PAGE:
Take a Guess
By Bryan Caplan
One of the most frustrating things about non-economists is their reluctance to guess. Latest example: Today at the repair shop.
Mechanic: The freon’s going to leak out unless we replace the compressor.
Me: How fast?
Mechanic: Don’t know.
Me: Could you take a guess?
Mechanic: Nope. Could be tomorrow, could be a year.
You could say that the mechanic doesn’t want to convey a false sense of certainty. But surely I let him off the hook when I asked him to guess, didn’t I? You’d have to have an awfully short fuse to get mad at someone for being wrong after explicitly asking them to guess.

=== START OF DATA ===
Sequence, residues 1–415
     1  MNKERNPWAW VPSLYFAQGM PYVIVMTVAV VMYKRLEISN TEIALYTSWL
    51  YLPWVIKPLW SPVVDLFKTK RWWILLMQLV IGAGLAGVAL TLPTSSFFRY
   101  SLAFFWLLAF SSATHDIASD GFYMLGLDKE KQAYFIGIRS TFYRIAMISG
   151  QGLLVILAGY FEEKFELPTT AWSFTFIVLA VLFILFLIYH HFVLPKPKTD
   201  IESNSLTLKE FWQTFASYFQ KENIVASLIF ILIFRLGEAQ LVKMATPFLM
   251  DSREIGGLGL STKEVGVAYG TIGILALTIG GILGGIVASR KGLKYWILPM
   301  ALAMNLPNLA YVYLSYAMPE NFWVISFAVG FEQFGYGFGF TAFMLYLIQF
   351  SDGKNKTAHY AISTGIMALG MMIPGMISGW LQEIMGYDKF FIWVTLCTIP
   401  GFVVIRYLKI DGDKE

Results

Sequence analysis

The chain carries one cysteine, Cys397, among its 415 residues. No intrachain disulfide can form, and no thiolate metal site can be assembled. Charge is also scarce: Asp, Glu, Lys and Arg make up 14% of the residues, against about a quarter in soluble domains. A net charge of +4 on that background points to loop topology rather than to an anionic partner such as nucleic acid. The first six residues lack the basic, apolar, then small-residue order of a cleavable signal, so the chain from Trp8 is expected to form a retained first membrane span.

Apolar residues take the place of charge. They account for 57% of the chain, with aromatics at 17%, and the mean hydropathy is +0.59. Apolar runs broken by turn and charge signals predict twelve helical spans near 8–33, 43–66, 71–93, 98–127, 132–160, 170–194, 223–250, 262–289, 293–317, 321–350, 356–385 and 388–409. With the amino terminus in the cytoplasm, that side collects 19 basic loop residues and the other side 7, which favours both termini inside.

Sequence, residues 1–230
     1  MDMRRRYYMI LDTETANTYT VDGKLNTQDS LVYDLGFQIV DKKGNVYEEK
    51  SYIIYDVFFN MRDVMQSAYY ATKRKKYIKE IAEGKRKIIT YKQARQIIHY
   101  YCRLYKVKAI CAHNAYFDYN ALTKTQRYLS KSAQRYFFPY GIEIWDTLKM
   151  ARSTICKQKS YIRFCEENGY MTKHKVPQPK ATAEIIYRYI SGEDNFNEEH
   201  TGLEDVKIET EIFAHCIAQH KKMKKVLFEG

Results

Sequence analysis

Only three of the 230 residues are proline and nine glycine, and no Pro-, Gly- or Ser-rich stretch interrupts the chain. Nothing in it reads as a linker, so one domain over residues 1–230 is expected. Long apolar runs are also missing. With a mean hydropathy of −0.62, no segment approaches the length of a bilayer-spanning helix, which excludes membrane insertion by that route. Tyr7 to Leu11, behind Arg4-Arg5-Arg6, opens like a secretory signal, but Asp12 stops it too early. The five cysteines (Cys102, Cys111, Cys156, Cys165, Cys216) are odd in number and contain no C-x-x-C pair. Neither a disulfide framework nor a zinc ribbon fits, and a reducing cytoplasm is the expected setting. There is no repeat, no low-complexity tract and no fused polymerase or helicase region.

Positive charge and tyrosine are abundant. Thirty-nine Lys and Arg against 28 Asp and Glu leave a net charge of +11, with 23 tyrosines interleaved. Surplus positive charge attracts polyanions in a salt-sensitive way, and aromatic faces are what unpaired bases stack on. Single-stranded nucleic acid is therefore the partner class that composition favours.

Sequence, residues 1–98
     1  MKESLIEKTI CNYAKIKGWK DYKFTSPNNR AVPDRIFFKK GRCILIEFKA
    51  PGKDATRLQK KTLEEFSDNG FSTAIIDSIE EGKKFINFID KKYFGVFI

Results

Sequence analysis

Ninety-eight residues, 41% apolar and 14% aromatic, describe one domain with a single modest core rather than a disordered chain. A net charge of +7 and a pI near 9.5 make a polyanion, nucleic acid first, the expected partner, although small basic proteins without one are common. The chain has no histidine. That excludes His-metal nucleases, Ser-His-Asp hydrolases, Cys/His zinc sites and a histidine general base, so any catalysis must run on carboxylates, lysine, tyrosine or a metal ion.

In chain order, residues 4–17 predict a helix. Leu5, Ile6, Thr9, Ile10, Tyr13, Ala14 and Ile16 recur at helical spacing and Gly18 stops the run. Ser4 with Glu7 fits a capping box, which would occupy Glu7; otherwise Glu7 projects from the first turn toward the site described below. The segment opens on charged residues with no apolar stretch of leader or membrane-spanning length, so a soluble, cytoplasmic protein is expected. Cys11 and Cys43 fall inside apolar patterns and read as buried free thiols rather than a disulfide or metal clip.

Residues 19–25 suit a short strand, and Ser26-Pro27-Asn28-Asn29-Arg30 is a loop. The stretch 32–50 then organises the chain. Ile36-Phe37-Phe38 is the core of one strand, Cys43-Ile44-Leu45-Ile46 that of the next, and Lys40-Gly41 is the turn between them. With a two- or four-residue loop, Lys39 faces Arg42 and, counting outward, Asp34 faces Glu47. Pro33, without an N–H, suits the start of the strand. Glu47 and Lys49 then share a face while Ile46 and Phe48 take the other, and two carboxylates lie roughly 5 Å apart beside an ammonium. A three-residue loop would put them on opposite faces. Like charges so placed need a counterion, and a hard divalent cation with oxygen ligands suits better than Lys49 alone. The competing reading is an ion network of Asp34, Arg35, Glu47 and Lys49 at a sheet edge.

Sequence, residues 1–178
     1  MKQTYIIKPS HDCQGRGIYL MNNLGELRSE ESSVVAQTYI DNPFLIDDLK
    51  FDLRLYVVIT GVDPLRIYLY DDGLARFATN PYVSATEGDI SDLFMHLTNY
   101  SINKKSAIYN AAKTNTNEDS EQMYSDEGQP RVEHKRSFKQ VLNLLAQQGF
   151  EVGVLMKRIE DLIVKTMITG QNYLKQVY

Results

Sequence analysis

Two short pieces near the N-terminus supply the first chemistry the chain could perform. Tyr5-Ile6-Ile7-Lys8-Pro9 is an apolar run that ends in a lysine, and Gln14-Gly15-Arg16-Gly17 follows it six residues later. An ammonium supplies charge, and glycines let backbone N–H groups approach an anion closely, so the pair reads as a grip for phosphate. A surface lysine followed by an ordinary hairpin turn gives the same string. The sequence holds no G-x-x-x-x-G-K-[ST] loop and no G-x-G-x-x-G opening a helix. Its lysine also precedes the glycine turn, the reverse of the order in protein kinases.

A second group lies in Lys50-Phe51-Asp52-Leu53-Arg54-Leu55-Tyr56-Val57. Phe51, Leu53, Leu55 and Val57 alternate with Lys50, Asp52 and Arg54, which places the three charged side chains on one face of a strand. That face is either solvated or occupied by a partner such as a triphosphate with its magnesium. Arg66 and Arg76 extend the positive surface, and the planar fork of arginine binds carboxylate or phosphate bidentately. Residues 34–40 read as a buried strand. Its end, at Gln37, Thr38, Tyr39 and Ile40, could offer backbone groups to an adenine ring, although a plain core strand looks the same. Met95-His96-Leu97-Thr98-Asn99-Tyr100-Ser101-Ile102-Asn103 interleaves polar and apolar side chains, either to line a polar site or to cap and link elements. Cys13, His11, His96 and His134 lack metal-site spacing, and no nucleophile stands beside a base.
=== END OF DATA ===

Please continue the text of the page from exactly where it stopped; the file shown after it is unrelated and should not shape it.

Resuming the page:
Or maybe people don’t guess because they’re afraid of looking stupid if they’re wrong. Remember Harbaugh‘s skill-signaling model? But this shoe doesn’t fit either. Doesn’t a person who refuses to guess show a lack of confidence in his own skill? If anything, skill signaling should lead people to mislabel their guesses as fact – not stonewall.
Despite my frustration, I have to assume that I’m just a weird customer. In a competitive environment, I have to think that mechanics refuse to guess because refusing to guess is more profitable than guessing. So what gives?
P.S. Even when a mechanic refuses to guess, that doesn’t stop me. My guess was that the freon would last me through the summer, so I told the mechanic to go ahead and put it in. Still, it would have been nice if the expert gave me more information to work with.